[Marxism] Serb and Croat war veterans join US forces in Iraq

Fred Feldman ffeldman at bellatlantic.net
Fri May 14 08:22:03 MDT 2004


It won't get that far, of course, but it is beginning to look like the
New Model volunteer, high-tech, air-power and special forces army with
high morale and motivation promised by Rumsfeld (and others much less
prominent)could end up bearing more resemblance to the mercenary armies
used by mediaeval states.
Fred Feldman

Balkans Soldiers Find Fortune in Baghdad 

Vesna Peric Zimonjic 

Fighting gets into your veins, said men who fought in former Yugoslavia.
And so now that peace has come to their homeland, many have moved to
Iraq.

BELGRADE, May 12 (IPS) - Fighting gets into your veins, said men who
fought in former Yugoslavia. And so now that peace has come to their
homeland, many have moved to Iraq. 

"There is no doubt that there is a growing demand for mercenaries or
soldiers of fortune in Iraq," military analyst Slobodan Kljakic told
IPS. "Within the community close to those circles, a number of between
500 and 1,000 Serbs is mentioned. They have already obtained contracts
to work as security staff or bodyguards in Iraq." 

U.S. corporate giants engaged in oil exploitation and reconstruction of
Iraq such as Halliburton or the San Francisco-based Bechtel have turned
to private security companies like Blackwater Security Consulting or
Kellogg, Brown and Root (KBR), Kljakic says. 

U.S. and British sources place the number of privately contracted
security personnel in Iraq between 10,000 and 15,000. 

"It's up to them (security companies) to try to find and subcontract the
workforce for Iraq," Kljakic said. "After that it's easy for people from
here to enter Iraq." Under decades-old regulation, Serbs do not need
visas for Iraq. 

Besides the mercenaries who are rarely mentioned publicly, Serbs are
getting other business offers. Some of the largest international media
outlets are relying on Serb crews, given their experience in war
coverage and because they can easily enter the country. 

The role of civilians contracted to work in Iraq came under the
spotlight after four U.S. security contractors met grisly deaths in
Fallujah in March. 

In the Balkans, where interest in Iraq is low, this event attracted
particular attention. One of those killed was a Croat, Jerry Zovko, who
changed his first name when he became a naturalised U.S. citizen. 

"It's a public secret that people engaged in this line of work can earn
between 100,000 and 200,000 dollars a year," says Croatian journalist
Marina Seric. Her research in the Zovko case attracted wide attention in
Croatia. 

"One cannot establish the exact number of Croats who have been
contracted to work as security personnel in Iraq," she told IPS. "But
the bottom line is that they all used to be professional soldiers. They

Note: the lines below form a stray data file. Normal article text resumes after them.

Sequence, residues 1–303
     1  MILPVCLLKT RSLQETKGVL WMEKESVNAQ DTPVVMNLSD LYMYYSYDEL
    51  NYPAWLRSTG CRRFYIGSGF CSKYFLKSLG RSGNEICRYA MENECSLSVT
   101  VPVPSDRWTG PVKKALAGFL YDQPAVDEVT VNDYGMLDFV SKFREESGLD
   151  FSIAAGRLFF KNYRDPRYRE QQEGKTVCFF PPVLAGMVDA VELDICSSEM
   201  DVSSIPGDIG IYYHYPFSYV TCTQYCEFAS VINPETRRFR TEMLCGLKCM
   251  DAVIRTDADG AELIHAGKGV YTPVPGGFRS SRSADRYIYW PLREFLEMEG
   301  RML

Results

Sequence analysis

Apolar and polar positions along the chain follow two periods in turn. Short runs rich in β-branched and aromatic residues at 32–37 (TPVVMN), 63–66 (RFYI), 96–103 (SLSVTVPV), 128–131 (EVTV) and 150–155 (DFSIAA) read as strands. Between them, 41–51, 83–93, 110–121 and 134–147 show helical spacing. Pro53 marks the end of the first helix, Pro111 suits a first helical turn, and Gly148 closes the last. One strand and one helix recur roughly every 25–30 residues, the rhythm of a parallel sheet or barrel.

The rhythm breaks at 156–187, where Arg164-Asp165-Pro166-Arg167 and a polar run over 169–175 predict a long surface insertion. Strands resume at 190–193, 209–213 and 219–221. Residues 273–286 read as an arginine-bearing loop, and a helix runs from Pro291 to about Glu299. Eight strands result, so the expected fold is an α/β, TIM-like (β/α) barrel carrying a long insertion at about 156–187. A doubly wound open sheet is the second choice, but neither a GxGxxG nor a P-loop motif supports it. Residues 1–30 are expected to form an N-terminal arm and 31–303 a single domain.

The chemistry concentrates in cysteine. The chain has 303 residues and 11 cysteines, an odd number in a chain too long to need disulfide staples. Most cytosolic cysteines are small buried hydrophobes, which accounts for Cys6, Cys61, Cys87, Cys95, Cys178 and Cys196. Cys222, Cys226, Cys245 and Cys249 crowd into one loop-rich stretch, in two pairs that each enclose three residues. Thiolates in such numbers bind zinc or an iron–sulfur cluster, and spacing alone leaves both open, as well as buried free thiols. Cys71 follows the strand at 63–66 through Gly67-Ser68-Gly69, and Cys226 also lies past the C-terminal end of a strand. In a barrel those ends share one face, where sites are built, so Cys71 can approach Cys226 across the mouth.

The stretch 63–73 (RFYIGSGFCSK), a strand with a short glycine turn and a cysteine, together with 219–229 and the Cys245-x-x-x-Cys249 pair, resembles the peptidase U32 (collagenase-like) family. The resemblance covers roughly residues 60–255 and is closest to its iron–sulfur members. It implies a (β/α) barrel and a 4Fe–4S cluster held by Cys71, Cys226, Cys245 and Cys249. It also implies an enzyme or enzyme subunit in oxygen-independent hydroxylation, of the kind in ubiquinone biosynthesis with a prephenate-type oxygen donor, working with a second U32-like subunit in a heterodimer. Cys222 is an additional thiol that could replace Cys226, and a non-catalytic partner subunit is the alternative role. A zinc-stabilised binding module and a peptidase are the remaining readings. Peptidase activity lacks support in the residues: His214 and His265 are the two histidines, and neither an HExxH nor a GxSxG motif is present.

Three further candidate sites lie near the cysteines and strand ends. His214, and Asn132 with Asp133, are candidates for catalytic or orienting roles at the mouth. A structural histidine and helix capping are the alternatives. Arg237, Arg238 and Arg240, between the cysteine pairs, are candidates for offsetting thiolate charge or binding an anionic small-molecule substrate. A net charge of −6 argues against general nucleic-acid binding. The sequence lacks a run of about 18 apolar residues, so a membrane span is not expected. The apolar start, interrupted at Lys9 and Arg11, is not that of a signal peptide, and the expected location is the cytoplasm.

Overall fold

are aged between 30-45. Depending on their experience they do different
jobs -- simple protection, logistics, training." 

Serb youth seems to have found a new hero. The Belgrade press has
carried interviews with Misha Misic, a security specialist who earns 500
dollars a day in Baghdad protecting oilfields. He claims to have gone to
Iraq as an adventurer to earn money. 

"With more and more countries withdrawing their troops from Iraq, as
Spain did, the U.S. will break new ground in modern warfare," says
foreign policy analyst Predrag Simic. "More and more mercenaries will
take the place of regular troops. It might look as a kind of relief for
the public in those countries that sent troops to Iraq, as the bodies of
mercenaries are shipped home in coffins without national flags or
fanfare." 

Stories of mercenaries going to Iraq abound in Serbia, but it is hard to
trace the channels that lead them there. From time to time, small ads
appear in Serbian papers announcing "the need for security personnel
with experience". The phones in the ads are not local. Similar ads are
appearing in newspapers in neighbouring Bosnia-Herzegovina. 

Serbia has some 3,000 security firms. Most employ some 30,000 former
policemen or war veterans. These companies put up a wall of silence
every time Iraq is mentioned. 

Owners of the two most prominent security firms, Fitep and Protecta,
decline to speak about mercenaries, and say people are free to do
individually whatever they want. 

"There is no licensing or official registration of those agencies,"
Marko Nicovic, vice-president of the International Bodyguard and
Security Services Association told IPS. "Many are closely linked both to
criminals and police. There is absolutely no control, there is a
complete chaos." 

Nicovic says mercenaries could be finding their way to Iraq through sub-
contracting companies that advertise on the Internet. "It's easier,
safer for them," he says. 

Nicovic points to a recent statement by Richard Goldstone, former chief
prosecutor of the United Nations-founded International Criminal Tribunal
for former Yugoslavia (ICTY). The South African jurist said former hit
men from South Africa together with Serb mercenaries and war criminals
are finding gainful employment in Iraq. 

"It is just a horrible thought that such people are working for the
Americans," Goldstone said. (END)



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